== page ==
But proponents of the act say like it or not, that’s how the modern corporate real estate market works, and New Jersey needs to do better in keeping up with places like Pennsylvania, New York, North Carolina, and even France, where incentives are larger or the cost of doing business is smaller. They cite New Jersey’s 8.6 percent unemployment rate, which exceeds the national average by 1.3 percentage points, and they highlight companies like Hertz, which are being lured elsewhere.
But opponents argue that the high unemployment rate proves precisely that incentives don’t work. NJPP has found that between February 2010 and January 2013, New Jersey has awarded $2.1 billion, as compared with $1.25 billion throughout the previous decade. NJPP’s deputy director, Jon Whiten, notes in a report that not only have the aforementioned companies moved out, but that companies like Panasonic, Goya and Burlington Coat Factory accepted incentives to “move down the street.”
On top of that, they argue that incentives don’t bring business. Instead, groups like NJPP reference studies and surveys that show CEOs instead look for locations with good schools, low-crime, modern infrastructure, and a “well-trained, highly-educated workforce.” They insist that the more the state loses on tax credits, the less it has to spend on improving these quality-of-life measures.
Deriding the act as pure corporate welfare, the liberals who posit these arguments find themselves siding with libertarians, who smear it with the same label. But even though their arguments get them to the same place, the fiscal conservatives’ reasons are in direct opposition to those given by the people-first contingent.
Yesterday, the lone dissenting vote came from Republican senator Michael Doherty (R-Washington), who likely summed up the sentiments of the five members of his party who voted against the identical assembly bill on Tuesday: “Let the free-market system operate,” he said. “I don’t think this bill is doing anything to address [the state’s] high regulatory burden, high taxes, and energy costs, and the fact that the New Jersey Department of Environmental Protection is making it extremely difficult for businesses to operate.”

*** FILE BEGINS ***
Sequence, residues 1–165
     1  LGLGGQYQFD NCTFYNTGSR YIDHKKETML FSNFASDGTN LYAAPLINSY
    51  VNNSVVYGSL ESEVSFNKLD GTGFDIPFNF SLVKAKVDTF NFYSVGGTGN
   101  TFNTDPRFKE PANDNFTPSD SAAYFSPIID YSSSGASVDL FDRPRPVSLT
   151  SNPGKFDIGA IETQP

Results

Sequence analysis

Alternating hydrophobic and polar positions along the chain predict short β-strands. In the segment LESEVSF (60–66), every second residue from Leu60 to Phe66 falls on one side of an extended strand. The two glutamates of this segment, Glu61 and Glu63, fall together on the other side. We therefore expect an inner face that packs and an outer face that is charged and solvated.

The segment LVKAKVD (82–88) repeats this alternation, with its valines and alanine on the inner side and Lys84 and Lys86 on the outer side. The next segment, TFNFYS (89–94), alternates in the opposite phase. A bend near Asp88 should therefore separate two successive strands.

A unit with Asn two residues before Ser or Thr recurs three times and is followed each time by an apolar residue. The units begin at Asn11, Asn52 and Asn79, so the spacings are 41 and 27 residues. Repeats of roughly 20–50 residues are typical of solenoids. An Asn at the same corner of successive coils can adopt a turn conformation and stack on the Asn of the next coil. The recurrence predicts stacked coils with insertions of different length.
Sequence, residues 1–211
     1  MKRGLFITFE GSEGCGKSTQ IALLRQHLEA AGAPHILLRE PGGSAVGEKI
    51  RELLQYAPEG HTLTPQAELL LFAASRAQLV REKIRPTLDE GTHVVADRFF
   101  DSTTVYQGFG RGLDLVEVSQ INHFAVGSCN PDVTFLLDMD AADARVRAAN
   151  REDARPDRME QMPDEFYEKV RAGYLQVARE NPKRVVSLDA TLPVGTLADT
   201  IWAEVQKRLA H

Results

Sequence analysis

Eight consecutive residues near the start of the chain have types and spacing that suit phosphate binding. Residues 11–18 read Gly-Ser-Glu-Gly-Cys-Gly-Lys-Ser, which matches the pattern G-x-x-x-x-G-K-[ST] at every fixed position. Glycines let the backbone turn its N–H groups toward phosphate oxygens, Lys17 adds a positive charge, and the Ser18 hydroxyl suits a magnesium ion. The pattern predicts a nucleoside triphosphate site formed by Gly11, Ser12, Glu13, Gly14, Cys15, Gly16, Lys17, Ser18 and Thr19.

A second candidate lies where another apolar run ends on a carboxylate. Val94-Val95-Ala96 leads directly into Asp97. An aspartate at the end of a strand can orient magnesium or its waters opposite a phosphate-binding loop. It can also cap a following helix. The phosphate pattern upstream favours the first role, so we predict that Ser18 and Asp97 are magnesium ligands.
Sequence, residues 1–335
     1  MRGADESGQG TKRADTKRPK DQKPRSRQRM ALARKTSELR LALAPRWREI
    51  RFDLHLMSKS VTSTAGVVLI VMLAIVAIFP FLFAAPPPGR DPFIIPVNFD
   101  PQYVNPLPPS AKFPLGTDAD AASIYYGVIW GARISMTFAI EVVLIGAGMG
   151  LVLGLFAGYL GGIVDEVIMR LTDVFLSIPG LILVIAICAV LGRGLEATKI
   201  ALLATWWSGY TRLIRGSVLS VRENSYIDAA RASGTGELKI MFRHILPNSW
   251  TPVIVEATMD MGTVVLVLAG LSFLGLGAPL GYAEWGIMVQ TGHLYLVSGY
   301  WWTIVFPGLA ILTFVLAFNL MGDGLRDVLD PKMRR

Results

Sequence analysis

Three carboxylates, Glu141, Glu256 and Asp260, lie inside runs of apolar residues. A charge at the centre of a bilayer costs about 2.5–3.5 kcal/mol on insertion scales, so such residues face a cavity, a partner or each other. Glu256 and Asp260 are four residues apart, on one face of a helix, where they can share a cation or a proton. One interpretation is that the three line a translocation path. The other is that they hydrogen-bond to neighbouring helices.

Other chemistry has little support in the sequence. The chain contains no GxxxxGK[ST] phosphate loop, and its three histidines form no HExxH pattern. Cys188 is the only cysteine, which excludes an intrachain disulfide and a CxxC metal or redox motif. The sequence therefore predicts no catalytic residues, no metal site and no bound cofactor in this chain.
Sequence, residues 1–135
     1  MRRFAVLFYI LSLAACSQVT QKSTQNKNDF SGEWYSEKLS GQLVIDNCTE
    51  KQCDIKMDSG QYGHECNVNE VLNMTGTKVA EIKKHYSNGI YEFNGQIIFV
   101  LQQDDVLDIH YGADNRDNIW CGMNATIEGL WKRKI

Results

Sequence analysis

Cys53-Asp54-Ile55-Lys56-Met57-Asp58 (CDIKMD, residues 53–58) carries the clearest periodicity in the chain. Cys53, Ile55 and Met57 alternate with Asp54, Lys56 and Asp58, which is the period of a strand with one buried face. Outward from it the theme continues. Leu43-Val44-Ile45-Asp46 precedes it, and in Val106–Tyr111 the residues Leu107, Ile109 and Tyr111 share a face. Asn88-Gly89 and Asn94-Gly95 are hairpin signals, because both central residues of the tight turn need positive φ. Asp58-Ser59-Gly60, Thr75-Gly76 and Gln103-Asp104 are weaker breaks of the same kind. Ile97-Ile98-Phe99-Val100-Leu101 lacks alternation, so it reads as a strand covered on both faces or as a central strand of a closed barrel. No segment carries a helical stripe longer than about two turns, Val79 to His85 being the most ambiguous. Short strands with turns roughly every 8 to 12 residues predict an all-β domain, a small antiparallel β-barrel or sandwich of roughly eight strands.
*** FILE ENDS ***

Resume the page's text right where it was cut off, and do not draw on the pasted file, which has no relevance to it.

Whatever their motivation, opponents fear the loss of revenue to the state may reach skyscraper proportions. The measure would raise the maximum per-company subsidy to $350 million, more than seven times the current cap of $40 million under GROW NJ. And by eliminating the existing limits to tax expenditures doled out by the Economic Development Agency (EDA), which administers these programs, there’s no predicting their cost.
The nonpartisan Office of Legislative Services wrote in a fiscal analysis of the bill that it “cannot project the direction or magnitude of the bill's net fiscal impact on the State and local governments” in part because “the bill will produce an indeterminate multi-year State revenue loss.”
Lesniak said he has “lots of confidence in the EDA” and noted that companies won’t be able to take unfair advantage, given that CEOs threatening to leave New Jersey for greener incentives elsewhere will be required to prove that they “have another credible location” outside the state.
And although supporters like Sen. Joe Kyrillos (R-Monmouth) sent out self-congratulatory statements yesterday lauding their bipartisan efforts to write and pass this landmark piece of legislation, an unscientific NJ Spotlight readers’ poll showed that as of 7:30 last night, only 15 percent of respondents approve of the legislation. Half of those not in favor called it “corporate welfare at its worst” and the remainder split evenly in their opposition, with half fearing it will lead to too much sprawl and half remarking that it’s a “big grab-bag with something for everybody."
"Something in this case is spelled p-o-r-k.”